With the market taking a turn into bearish territory, many stocks now look a lot cheaper than they did earlier this year, but narrowing in on quality companies has become even more important for investors. To that end, we put together a panel of three Motley Fool contributors and asked each to spotlight a top mid-cap stock that's worth buying in today's volatile market. Read on to see why they picked Horizon Pharma (NASDAQ:HZNP), Trex (NYSE:TREX), and Hanesbrands (NYSE:HBI).
A rare bright spot
George Budwell (Horizon Pharma): The fourth quarter has been an unmitigated disaster for biotech and biopharma stocks. The never-ending political turmoil surrounding the Trump administration and the Federal Reserve's decision to hike interest rates next year have flat-out quashed investors' collective appetite for risky equities like biotechs.
The orphan-drug maker Horizon Pharma, however, has managed to hold serve during this widespread downturn, and for good reason. In a nutshell, Horizon has built out a high-growth orphan-drug portfolio over the past three years, which has recently started to fire on all cylinders. In the third quarter, for instance, the company easily exceeded Wall Street's consensus revenue estimate, thanks to stronger-than-expected sales of its top orphan product, Krystexxa, which is indicated for chronic gout.
The best part of Horizon's story, though, is that this period of strong growth is only getting started. With Krystexxa and its primary-care business both on the upswing, Horizon's shares are only trading at about 2.5 times the company's projected 2019 sales. That's among the lowest price-to-sales ratios for a mid-cap company within the whole of the entire healthcare sector.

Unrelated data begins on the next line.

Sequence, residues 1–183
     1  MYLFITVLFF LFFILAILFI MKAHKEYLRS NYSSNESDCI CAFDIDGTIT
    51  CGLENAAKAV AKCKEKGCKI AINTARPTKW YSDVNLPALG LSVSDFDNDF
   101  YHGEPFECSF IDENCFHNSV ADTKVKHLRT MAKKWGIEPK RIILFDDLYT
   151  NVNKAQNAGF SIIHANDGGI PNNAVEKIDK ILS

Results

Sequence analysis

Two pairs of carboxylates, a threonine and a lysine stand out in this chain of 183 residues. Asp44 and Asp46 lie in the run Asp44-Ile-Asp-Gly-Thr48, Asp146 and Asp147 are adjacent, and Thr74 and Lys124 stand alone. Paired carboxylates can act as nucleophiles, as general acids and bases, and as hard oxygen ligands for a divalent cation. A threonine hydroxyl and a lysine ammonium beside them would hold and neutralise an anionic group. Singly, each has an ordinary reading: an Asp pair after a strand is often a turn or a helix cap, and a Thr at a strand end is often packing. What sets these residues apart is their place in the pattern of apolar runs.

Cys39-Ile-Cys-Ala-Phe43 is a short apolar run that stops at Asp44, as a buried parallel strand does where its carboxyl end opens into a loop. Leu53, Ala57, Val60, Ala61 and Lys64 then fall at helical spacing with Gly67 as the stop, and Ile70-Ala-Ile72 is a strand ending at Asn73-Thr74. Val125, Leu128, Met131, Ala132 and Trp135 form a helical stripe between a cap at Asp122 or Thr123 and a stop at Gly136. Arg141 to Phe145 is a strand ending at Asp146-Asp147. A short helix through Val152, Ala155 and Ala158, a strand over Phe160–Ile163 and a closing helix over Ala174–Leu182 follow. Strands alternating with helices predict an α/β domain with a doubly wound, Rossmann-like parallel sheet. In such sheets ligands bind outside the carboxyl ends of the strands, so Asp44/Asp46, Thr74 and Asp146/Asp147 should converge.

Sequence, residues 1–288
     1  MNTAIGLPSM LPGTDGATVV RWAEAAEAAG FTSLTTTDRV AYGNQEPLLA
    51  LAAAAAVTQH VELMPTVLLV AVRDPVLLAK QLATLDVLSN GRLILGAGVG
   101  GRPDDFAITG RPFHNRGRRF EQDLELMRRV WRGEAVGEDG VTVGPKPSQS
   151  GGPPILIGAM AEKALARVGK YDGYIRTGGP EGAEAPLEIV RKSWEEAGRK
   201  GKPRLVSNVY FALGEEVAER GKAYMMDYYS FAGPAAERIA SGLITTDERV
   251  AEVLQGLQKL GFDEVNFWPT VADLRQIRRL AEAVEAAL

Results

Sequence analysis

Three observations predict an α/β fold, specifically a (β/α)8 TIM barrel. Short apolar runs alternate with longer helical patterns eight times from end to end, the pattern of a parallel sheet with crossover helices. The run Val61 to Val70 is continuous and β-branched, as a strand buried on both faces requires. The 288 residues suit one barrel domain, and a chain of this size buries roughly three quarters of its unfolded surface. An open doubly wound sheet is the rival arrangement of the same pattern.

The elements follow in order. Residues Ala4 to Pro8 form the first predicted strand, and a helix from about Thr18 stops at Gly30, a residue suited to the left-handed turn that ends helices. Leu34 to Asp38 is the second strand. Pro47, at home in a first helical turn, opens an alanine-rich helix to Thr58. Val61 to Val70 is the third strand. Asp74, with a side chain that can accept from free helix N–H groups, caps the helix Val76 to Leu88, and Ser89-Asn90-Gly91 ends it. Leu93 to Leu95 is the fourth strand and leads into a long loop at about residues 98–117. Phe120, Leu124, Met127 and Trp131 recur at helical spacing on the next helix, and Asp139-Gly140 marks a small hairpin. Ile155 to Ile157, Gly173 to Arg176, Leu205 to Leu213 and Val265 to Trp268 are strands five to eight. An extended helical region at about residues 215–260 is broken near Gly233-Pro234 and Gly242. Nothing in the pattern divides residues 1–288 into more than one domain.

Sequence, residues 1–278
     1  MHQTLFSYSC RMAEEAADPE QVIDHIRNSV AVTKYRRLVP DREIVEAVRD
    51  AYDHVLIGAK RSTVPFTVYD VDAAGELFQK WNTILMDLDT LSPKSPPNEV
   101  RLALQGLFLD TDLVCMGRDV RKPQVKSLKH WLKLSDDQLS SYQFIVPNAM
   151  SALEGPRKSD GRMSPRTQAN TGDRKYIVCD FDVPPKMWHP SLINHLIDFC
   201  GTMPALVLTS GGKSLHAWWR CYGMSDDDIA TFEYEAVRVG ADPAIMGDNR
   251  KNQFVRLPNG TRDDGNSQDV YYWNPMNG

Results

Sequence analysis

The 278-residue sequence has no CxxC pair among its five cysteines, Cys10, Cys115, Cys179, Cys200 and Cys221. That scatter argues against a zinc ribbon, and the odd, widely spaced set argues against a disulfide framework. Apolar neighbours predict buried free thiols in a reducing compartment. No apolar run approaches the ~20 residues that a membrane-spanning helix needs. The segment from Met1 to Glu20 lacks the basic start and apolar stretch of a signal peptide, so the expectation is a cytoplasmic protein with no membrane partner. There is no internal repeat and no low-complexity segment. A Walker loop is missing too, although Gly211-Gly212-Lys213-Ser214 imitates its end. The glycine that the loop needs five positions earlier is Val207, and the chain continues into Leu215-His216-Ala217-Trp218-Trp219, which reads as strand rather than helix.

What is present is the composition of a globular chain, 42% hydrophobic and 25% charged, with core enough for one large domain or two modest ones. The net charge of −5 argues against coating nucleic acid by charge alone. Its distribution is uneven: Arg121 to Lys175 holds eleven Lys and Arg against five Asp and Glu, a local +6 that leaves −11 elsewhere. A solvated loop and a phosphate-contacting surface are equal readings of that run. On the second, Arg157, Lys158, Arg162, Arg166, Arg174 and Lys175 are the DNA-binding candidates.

What's next for Horizon? The big-ticket item is the forthcoming late-stage readout for the company's thyroid eye disease treatment, teprotumumab. In brief, Horizon believes that teprotumumab has a good shot at eventually hauling in more than $750 million in annual sales. That kind of stately sales figure would easily transform Horizon into one of the fastest-growing names within all of biopharma.
Fortunately, investors won't have to wait much longer to learn teprotumumab's fate. The company is expected to release the drug's top-line data sometime in the second quarter of 2019. If positive, Horizon's shares should continue to perform well -- regardless of how the broader markets behave.
A home-improvement specialist for the long haul
Jeremy Bowman (Trex): Housing stocks are widely down this year. Homebuilders and even home-improvement retailers like Home Depot have slipped amid concerns about a slowing housing market, as rising interests are cooling off several years of expansion in the housing market. While that may be bad news for homebuilders who rely on new home construction for their business, there's one corner of the housing market that has thus far been unaffected by the slowdown.
Trex, the leading maker of composite decking and railing, has continued to put up solid growth in the face of a slowing housing market, and management sees that momentum continuing into next year. In its third-quarter earnings report, revenue increased 19%, and adjusted gross margin was up 400 basis points to 40.4%. Adjusted earnings per share jumped 68% to $0.57.